I love Netflix. - They have revolutionized the way we think about movies and media - They have created a slew of new company ideas and models: "the Netflix for XYZ" - They have defined streaming content and challenged a traditional, massive industry - They should be credited with making new platforms and devices desirable: iPhone, Android, Google TV, Xbox, Playstation, Nintendo Wii, etc - And they are brilliant marketers with a terrific recurring model ... but after years of being a Netflix subscriber, I recently canceled my account. The reason is very simple: Netflix Instant doesn't have enough depth / inventory. We have watched the handful of documentaries that Netflix has (by far their most impressive category) and I even wrote a semi-popular Quora answer to which Instant movies are best: Exit Through the Gift Shop, Man on Wire, The Modernism of Julius Shulman, The King of Kong, The Universe of Keith Haring, Beer Wars, This Film Is Not Yet Rated, Food, Inc., Bigger, Stronger, Faster.

But the catalog hasn't expanded. Meanwhile, Comcast and Redbox have delivered great products / experiences (Redbox is a short-term business - but as a consumer it is absolutely delightful, cheap and easy). The future is clearly the Netflix Instant / streaming model - but it requires a worthy catalog to justify ~$100-$175 / year.

So I canceled my account.... with the hope that I will return as the catalog grows. Good news: Netflix keeps your queue and preferences in tact so that restarting is easy. Maybe they shouldn't do that - but I appreciate it and it certainly helps conversions for re-started memberships.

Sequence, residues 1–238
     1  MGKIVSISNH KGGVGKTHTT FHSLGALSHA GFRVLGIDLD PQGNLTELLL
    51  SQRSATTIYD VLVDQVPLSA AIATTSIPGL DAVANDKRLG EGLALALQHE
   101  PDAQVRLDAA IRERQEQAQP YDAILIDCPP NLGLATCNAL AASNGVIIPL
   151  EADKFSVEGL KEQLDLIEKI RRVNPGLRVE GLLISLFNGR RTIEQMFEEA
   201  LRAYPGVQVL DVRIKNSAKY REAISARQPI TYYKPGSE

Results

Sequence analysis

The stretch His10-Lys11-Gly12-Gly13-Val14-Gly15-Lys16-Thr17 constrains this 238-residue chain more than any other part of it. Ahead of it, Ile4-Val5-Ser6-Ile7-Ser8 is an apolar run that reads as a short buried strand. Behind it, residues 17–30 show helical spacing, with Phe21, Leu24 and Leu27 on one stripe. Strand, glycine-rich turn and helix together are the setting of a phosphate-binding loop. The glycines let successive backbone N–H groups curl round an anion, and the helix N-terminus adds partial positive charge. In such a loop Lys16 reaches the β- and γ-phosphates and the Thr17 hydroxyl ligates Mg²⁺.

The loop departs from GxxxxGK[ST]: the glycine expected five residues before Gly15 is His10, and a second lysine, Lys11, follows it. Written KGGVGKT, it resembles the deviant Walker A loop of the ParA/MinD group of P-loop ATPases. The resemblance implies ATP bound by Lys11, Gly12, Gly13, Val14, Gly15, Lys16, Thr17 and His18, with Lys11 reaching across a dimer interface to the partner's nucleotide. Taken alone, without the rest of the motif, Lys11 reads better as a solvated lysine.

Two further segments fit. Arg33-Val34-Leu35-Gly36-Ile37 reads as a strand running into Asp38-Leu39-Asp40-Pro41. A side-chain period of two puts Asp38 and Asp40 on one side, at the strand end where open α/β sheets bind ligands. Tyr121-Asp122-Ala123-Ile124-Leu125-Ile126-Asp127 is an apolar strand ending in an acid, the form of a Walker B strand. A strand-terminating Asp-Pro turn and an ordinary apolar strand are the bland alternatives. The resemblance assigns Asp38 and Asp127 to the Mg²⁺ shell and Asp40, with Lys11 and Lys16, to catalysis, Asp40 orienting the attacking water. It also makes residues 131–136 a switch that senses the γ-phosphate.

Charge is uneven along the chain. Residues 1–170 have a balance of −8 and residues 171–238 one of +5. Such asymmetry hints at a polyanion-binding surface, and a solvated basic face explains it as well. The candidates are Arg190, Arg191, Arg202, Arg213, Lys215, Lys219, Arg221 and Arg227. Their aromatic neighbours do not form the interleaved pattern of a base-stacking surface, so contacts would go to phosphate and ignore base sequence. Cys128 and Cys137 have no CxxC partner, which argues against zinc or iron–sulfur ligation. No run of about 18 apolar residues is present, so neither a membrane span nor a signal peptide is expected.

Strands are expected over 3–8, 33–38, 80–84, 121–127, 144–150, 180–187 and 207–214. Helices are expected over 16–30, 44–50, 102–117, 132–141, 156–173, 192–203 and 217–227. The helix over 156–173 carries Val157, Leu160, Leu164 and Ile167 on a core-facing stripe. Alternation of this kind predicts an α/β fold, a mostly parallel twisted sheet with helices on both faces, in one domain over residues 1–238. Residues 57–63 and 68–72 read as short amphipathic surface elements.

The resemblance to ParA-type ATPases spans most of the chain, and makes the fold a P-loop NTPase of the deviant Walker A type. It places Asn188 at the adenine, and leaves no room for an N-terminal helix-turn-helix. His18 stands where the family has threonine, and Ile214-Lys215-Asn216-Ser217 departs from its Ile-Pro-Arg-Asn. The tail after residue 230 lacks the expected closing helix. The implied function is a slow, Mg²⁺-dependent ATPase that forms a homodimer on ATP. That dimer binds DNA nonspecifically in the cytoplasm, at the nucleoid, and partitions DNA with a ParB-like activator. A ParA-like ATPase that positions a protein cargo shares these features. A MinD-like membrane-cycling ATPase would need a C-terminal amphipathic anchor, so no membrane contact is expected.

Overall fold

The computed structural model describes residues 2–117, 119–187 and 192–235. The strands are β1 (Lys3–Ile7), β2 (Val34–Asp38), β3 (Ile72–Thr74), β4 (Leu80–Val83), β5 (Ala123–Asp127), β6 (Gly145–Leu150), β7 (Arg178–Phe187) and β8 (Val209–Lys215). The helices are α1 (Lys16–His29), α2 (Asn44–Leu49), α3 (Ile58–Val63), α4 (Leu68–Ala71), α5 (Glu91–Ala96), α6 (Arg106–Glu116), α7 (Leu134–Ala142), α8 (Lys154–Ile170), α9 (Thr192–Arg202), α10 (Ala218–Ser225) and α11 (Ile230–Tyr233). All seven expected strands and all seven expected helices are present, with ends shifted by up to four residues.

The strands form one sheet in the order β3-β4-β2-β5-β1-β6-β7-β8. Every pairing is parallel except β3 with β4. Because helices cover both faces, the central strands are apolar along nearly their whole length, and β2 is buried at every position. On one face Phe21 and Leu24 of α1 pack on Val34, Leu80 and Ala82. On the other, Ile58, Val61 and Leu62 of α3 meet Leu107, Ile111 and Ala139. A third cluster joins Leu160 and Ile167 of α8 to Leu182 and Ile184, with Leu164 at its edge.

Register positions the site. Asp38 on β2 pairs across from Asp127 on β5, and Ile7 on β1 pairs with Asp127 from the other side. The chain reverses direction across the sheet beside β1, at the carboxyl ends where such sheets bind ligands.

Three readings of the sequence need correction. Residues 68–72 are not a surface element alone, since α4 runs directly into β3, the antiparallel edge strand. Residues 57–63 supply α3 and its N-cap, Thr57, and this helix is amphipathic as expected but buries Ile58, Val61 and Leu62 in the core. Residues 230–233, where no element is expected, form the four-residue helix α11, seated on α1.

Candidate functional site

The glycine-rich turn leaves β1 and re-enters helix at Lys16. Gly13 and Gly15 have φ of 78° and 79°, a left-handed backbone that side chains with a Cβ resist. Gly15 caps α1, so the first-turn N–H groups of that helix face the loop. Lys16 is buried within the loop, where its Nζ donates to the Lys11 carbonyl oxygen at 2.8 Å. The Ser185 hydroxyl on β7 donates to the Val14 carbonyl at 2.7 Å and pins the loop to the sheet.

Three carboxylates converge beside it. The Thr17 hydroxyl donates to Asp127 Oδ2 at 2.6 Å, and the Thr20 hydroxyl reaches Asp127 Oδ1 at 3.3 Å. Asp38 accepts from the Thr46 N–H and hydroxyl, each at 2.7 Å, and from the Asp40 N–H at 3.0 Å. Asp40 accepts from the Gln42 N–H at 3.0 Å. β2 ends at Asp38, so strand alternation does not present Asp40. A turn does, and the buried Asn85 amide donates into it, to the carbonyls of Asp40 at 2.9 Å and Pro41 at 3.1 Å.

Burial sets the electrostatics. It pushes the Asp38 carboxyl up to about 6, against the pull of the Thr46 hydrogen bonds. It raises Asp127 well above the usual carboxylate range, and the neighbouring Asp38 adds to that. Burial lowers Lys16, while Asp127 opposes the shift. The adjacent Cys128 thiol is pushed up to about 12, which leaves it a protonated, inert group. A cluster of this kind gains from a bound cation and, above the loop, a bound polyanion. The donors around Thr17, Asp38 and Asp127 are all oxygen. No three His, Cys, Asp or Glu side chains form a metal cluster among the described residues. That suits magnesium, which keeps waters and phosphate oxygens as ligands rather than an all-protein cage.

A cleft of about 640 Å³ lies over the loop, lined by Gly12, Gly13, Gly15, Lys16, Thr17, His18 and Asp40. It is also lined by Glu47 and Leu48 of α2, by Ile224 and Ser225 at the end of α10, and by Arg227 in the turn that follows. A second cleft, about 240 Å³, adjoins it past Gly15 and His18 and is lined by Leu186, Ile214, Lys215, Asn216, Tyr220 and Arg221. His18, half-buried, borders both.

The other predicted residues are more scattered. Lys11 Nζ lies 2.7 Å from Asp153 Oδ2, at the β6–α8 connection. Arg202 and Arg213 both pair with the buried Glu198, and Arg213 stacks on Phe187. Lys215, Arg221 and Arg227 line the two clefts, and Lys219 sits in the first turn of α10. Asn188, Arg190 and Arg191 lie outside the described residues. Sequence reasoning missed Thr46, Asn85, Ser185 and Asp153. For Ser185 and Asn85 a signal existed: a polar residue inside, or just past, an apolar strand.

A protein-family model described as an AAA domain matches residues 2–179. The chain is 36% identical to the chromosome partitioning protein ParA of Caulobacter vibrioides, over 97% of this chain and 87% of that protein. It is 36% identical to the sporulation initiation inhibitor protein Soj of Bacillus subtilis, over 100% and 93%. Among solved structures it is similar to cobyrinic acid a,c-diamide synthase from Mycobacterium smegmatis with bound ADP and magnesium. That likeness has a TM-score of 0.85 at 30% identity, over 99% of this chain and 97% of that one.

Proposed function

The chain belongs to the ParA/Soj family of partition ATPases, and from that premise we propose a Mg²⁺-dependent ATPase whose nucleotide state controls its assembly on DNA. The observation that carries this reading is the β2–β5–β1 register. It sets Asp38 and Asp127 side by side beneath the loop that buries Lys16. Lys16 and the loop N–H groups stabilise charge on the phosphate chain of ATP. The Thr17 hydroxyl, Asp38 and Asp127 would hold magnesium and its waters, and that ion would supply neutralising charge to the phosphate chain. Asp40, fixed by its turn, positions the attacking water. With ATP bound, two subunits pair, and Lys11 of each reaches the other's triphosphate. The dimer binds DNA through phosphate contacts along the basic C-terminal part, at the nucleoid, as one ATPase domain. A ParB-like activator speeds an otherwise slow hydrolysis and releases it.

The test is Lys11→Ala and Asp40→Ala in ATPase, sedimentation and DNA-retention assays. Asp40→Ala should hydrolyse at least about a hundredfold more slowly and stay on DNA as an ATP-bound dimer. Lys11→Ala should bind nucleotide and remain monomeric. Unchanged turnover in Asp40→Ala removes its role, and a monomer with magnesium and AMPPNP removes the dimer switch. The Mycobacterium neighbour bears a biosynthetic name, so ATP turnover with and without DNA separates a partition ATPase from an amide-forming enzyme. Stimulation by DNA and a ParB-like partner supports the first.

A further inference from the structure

The most interesting part of the cancellation was the questionnaire (shown below in full). The attention to competition is fascinating: Comcast, Hulu, HBO, Showtime, bit torrents, piracy, etc are all mentioned. Also noteworthy are the answers to the question "why are you canceling?" One answer is "I have an Internet usage cap (or monthly download limit) and using Netflix puts me close to or over the limit." Unfortunately, over the next few years, I worry this will be an increasingly selected answer...

It is absolutely worth browsing the questions and available answers:

Amazon Instant Video Good for Google TV

It was my immediate reaction to hearing that Amazon Instant Video would be available: 1. Will it run on my Google TV? (check) 2. How quickly can I cancel my Netflix subscription? (immediately) 3. Does Amazon VOD work on the iPhone / iPad? (no) 4. Should I keep my Netflix subscription? (yes, for now)

I love this timely promotion by Google / Google TV... which is a product I will continue to rave about:

Streaming Netflix on your Gym's Cardio Machine? Awesome.

In December of 2009, I wrote about local fitness company Expresso - the maker of an interactive workout machines that I was blown away by. Here's the next wave - which should become more commonplace and eventually will be built into all sorts of machines. Our local gym (the Palo Alto JCC) has the iPod / iPhone connectors for their cardio machines. Those adapters charge your device while working out... but more importantly, they allow you to run media to the machines' individual screens (which can be attached or built in monitors - both examples are below). So, users can stream Netflix to their machine's monitor, access iTunes files, or supply a soundtrack to the native fitness application.